Insight Dubai was seen as a haven of stability in the region but since Obama took office, investor confidence in other, once-shunned countries has grown.
Dubai property tripped up by Obama's peacemaking
Could the slump in Dubai property prices be Barack Obama's fault? The US president has never been to Dubai and there is no evidence that he has ever owned property there. But since moving into the White House in January, Mr Obama may have inadvertently contributed to weakening demand for property in the nation's financial capital, according to an academic who has studied trends driving the market.
Dubai's property market has long relied on demand from the Middle East, India, Pakistan and Iran, where investors faced with chronic political and economic instability look to Dubai as a safe haven. By lowering anxieties in the region with his more accommodating foreign policy, Mr Obama may have reduced the political impetus for buying in Dubai. "Dubai has depended on insecurity in the rest of the region," says Sayed Bozorgnia, a visiting assistant professor of economics at Abu Dhabi University's College of Business Administration.
Under Mr Obama's predecessor, George Bush, the US was a regional wild card. Now, Mr Bozorgnia says, "there's a little more stability". He says the Obama factor is only one of several reasons why Dubai property prices are likely to keep falling this year. He and his students, many of whom he says are property investors, have identified a vicious circle of diminished expectations and falling prices that raises questions about the wisdom of having relied so heavily on property to diversify the country's economy away from oil.
Along with diminishing fears of wider regional conflict, something many thought was a distinct possibility when Mr Bush was in office, demand for property in Dubai is falling victim to declining wages and rising job losses. Even if property owners are not losing their jobs, tenants have been made redundant, affecting demand for rentals and pushing rents lower. That reduces the yield on property relative to other investments and makes renting more attractive to residents than buying.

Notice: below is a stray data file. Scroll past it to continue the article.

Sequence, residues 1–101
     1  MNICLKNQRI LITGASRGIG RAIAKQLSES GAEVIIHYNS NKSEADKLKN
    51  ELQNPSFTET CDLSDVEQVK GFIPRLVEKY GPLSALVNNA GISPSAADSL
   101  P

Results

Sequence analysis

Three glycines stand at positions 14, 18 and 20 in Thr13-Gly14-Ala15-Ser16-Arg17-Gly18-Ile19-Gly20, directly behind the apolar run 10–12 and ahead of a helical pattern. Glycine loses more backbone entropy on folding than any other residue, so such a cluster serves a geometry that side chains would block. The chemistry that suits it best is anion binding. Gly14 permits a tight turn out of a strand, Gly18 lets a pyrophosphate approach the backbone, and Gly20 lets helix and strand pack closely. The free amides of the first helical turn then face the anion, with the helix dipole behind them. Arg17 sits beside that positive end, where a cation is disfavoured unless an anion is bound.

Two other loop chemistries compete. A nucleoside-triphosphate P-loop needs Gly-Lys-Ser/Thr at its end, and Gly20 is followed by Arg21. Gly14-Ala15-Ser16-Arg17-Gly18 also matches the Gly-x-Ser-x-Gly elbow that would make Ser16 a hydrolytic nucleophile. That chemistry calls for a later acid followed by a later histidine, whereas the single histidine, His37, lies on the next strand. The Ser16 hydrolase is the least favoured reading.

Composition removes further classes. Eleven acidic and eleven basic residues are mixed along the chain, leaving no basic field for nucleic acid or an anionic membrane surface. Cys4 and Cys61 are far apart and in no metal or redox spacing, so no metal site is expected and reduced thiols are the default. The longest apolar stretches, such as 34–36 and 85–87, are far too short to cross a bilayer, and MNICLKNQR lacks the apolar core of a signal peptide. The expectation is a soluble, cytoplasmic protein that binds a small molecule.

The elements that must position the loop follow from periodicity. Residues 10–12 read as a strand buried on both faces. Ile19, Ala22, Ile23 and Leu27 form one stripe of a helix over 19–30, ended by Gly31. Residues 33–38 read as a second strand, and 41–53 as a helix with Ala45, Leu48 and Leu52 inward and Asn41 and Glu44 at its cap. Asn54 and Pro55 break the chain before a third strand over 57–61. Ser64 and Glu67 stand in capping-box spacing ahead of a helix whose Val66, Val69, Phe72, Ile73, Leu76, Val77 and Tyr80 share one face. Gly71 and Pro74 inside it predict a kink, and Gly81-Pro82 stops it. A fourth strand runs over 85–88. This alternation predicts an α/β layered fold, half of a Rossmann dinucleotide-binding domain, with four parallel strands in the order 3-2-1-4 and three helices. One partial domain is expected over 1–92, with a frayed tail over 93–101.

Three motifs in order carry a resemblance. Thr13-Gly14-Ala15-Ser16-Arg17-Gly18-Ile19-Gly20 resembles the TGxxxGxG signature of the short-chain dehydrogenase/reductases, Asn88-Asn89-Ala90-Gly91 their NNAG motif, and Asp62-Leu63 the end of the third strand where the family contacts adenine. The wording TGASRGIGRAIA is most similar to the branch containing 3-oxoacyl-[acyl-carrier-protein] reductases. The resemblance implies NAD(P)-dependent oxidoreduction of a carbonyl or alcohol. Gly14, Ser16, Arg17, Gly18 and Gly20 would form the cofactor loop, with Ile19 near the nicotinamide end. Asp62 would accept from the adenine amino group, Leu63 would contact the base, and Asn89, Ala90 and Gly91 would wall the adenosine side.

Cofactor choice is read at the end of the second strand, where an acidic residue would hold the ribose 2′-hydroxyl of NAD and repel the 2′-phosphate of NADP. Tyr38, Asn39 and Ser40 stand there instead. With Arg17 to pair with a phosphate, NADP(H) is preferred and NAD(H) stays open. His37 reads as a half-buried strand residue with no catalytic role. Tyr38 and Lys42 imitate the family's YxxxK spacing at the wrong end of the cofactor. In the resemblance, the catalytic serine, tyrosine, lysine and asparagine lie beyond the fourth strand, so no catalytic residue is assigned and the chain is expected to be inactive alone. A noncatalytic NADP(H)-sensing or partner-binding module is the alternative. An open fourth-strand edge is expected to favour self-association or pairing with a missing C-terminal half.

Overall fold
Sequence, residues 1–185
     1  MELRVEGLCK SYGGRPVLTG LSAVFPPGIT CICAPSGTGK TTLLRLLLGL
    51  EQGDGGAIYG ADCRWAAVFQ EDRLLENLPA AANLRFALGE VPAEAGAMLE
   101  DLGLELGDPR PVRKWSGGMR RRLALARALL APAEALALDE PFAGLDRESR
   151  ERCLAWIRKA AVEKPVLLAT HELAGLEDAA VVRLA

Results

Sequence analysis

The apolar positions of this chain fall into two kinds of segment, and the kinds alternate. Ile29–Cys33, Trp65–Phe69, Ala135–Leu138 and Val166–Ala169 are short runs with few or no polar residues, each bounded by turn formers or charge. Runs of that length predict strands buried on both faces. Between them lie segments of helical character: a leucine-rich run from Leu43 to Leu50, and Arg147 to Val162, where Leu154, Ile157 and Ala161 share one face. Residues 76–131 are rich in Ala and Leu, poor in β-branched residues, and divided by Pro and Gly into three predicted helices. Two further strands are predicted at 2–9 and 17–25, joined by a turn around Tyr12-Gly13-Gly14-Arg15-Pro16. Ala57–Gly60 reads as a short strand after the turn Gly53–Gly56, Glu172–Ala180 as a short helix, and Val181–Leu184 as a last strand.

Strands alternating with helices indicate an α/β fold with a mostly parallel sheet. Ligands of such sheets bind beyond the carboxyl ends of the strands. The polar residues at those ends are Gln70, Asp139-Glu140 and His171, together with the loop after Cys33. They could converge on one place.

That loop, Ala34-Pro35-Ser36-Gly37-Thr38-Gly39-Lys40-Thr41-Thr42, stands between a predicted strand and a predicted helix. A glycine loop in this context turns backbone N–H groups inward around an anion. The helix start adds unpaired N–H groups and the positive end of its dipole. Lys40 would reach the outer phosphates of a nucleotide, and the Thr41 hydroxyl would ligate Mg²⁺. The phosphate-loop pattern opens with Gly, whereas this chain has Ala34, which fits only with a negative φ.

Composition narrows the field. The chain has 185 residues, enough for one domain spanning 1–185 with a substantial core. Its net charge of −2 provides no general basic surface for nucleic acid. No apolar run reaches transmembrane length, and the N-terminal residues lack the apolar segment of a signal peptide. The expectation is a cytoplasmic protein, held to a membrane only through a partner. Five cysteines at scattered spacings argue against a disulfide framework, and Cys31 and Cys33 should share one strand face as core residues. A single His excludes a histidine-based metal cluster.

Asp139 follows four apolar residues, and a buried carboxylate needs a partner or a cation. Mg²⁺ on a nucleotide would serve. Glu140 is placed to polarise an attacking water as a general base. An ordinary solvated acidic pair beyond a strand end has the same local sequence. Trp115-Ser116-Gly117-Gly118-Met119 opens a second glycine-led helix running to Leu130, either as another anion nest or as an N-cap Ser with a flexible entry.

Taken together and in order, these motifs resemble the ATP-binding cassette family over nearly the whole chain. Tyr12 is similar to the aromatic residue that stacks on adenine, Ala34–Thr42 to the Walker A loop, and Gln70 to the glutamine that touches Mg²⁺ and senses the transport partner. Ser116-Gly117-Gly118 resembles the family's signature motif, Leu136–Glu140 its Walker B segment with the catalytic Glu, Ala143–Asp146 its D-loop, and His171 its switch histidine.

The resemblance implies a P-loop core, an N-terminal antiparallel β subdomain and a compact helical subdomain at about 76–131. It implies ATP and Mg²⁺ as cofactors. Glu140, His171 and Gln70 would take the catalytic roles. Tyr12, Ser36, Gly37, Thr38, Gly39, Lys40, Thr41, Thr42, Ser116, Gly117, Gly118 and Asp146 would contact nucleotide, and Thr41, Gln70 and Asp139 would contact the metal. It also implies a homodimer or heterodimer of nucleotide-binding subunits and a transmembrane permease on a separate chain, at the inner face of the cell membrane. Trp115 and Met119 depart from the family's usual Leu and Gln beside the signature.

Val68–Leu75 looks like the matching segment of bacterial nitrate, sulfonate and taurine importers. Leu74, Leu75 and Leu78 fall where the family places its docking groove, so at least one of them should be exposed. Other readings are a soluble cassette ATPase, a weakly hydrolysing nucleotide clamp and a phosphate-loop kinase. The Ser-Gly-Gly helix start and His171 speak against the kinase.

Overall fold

"As long as rents are falling, people are not inclined to purchase," says Mr Bozorgnia. "In addition to that, the population has been falling. A lot of people have left or are thinking about leaving." And as long as potential buyers fear conditions point to a decline in prices they tend to delay purchasing, further sapping demand. The same kind of psychological effect applies to supply. Developers fearing prices will fall further are rushing to sell at discounts, Mr Bozorgnia says, placing further downward pressure on prices as they hunt for buyers.
"Since firms think prices are going to be lower, they want to unload as much property on to the market as possible," he says. "So your supply side has increased; your demand has decreased." Demand is unlikely to improve, according to Mr Bozorgnia, until banks ease mortgage conditions, a conundrum the UAE Central Bank is still struggling to solve. Banks' willingness to lend for property purchases, after all, is unlikely to improve while the outlook for prices is so dim. Banks are already experiencing rising mortgage defaults.
Persistent weakness in the property market is not good news for the nation's economy. Property and construction are the UAE's largest employers and, after oil, its largest source of income. In the future, Mr Bozorgnia says, the country would do better to promote other industries, not by buying up global champions but by luring innovators and entrepreneurs. "Most good ideas come not from huge organisations but from small companies," he says.
The UAE may not hold much allure for start-ups, however. It ranks 46th on the World Bank's ease of doing business list, behind Bulgaria, Armenia and Tonga. Much of the foreign investment that poured into the country over recent years has been to take advantage of the property boom. But with the global economy still struggling to emerge from the downturn, buying from the country's top sources of capital, India, Pakistan and Britain, has been in steady decline.
So are purchases from Iran, which despite recent election unrest no longer faces the prospect of a US invasion. Purchases from Russia, relations with which Mr Obama has pledged to reset, have also dwindled. email@example.com